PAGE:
But the Bible also has a lot to say about the fact that beauty is a somewhat secondary issue. In Proverbs 31, at the end of a rather lovely and inspirational description of 'an excellent wife' comes the warning "Charm is deceitful, and beauty is vain, but a woman who fears the Lord is to be praised." And similarly, 1 Peter 3:3-4 makes it clear that it is in character that true beauty resides "Do not let your adorning be external —- the braiding of hair and the putting on of gold jewelry, or the clothing you wear —- but let your adorning be the hidden person of the heart with the imperishable beauty of a gentle and quiet spirit, which in God's sight is very precious." Of course, this is no very great consolation if, like me, you have a pretty grumpy and tempestuous spirit…but I trust that God is at work even in me; I certainly (to the horror, I expect, of those who know me now) have a more gentle and quiet character than I used to. And, thanks to the miracle of grace, change isn't a pre-requisite but rather a product of relationship with Him…

Aside from what the Bible specifically has to say about beauty, it surely communicates that the big picture is so much bigger…that all the things we get completely caught up in -- appearances, talent, validation, recognition, fame, success, popularity -- are superficial and transitory compared with His plan and purpose for mankind and His ongoing intervention in the world…"we look not to the things that are seen but to the things that are unseen. For the things that are seen are transient, but the things that are unseen are eternal." (2 Cor 4:18)


Popular posts from this blog

An autobiographical poem about walking on water

A decade ago, give or take – feeling at crisis point in my mental health and desperately socially disconnected – I "went up for prayer" at a church I was visiting. (I find it hard to do this at my own church when I feel desperately socially disconnected. It's hard enough even to be at my own church at such times). And the gentle, kindly woman who placed her hand on my shoulder and prayed some simple, general, healing words to suit my simple, general, hurting plea looked thoughtfully at me afterwards and said "just, if and when you can, keep taking each next step towards Jesus, whatever that looks like," or words to that effect. It seemed as good a plan as any, so I did. (Not instead of getting medical and professional help, I hasten to add; seeking out and receiving whatever support is available has always felt more like an action of faith than a compromise of it).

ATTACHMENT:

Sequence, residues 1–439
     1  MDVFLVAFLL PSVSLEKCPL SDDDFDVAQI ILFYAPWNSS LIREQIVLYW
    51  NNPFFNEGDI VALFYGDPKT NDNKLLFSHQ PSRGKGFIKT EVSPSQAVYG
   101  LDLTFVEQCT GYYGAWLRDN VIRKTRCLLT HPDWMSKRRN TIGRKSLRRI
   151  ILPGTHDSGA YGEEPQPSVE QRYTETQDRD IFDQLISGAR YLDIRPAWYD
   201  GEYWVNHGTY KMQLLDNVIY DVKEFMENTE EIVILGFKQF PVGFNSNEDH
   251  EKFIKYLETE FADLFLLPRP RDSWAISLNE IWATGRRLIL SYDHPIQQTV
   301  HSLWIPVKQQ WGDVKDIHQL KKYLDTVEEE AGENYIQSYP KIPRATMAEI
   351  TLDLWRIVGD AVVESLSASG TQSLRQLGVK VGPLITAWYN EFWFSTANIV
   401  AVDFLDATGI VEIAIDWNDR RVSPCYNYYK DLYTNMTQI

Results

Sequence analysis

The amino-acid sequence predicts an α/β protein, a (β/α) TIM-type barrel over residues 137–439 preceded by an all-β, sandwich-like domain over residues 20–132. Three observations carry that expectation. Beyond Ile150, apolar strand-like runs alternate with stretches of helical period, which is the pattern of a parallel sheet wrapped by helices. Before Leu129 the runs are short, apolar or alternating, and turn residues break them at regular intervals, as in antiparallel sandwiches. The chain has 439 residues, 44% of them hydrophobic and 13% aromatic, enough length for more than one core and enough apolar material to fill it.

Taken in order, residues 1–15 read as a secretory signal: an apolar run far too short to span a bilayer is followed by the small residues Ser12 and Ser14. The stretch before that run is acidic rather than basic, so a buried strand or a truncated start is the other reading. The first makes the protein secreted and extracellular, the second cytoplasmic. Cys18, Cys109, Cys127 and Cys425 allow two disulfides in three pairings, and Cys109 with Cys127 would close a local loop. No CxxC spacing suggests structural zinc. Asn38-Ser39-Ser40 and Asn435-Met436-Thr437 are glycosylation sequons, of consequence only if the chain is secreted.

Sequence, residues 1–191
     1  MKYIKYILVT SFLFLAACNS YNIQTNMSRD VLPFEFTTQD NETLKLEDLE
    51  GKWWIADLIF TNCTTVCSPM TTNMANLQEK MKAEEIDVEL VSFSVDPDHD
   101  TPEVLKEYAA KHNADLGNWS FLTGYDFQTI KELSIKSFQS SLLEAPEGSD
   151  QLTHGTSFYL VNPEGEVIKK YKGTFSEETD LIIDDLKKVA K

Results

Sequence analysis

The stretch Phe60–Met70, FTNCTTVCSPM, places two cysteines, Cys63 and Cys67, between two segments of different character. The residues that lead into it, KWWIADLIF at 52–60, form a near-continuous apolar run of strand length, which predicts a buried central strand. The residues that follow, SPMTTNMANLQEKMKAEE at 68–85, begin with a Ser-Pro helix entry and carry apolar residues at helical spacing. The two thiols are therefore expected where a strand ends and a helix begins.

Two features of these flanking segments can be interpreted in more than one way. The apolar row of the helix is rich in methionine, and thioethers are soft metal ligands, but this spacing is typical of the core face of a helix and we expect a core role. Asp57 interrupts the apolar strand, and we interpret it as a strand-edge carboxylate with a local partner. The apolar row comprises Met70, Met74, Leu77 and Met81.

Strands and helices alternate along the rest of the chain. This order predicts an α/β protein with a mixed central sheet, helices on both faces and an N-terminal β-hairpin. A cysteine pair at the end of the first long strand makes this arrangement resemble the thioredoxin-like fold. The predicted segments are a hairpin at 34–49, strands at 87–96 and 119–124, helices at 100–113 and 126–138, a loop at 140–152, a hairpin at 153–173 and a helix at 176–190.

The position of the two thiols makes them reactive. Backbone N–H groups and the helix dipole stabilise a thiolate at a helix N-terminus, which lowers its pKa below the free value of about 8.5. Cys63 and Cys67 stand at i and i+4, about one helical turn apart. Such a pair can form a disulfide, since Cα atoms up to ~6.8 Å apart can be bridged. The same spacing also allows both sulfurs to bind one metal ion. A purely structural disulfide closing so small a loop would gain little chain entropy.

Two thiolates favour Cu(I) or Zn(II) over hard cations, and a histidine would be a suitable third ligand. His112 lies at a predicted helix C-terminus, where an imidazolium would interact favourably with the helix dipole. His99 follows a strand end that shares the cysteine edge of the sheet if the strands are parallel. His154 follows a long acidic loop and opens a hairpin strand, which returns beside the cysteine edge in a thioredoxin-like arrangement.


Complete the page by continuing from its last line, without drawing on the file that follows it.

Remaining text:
Since then, stepping towards Jesus has taken me (slowly, often painfully, and usually the long w…

The Sin of Onan

Judah got a wife for Er, his firstborn, and her name was Tamar. But Er, Judah’s firstborn, was wicked in the Lord’s sight; so the Lord put him to death. Then Judah said to Onan, “Sleep with your brother’s wife and fulfill your duty to her as a brother-in-law to raise up offspring for your brother.” But Onan knew that the child would not be his; so whenever he slept with his brother’s wife, he spilled his semen on the ground to keep from providing offspring for his brother. What he did was wicked in the Lord’s sight; so the Lord put him to death also. (Genesis 38:6-10) According to Google's answer to what (let's face it) must be right up there among the most-asked questions since the invention of the search engine, this story is the closest the Bible comes to saying anything directly about masturbation.

And it isn't a story about masturbation. It's not even a story, not really, about birth control methods – although they feature. It's a story about the denial of ju…

(Come in under the shadow of this red rock)

What are the roots that clutch, what branches grow
Out of this stony rubbish? Son of man,
You cannot say, or guess, for you know only
A heap of broken images, where the sun beats,
And the dead tree gives no shelter, the cricket no relief,
And the dry stone no sound of water. Only
There is shadow under this red rock,
(Come in under the shadow of this red rock),
And I will show you something different from either
Your shadow at morning striding behind you
Or your shadow at evening rising to meet you;
I will show you fear in a handful of dust.  (T.S. Eliot, from The Waste Land, part I: The Burial of the Dead,1922) These lines have lingered in my mind the past few days. Eliot wrote The Waste Land in the years following the First World War, when the landscape of humanity seemed perhaps particularly stark and bleak. The poem resounds with disquiet and despair: all glimpsed respite turns out to be illusory or faltering; it seems improbable that any grounds for real hope exist at all. Eliot …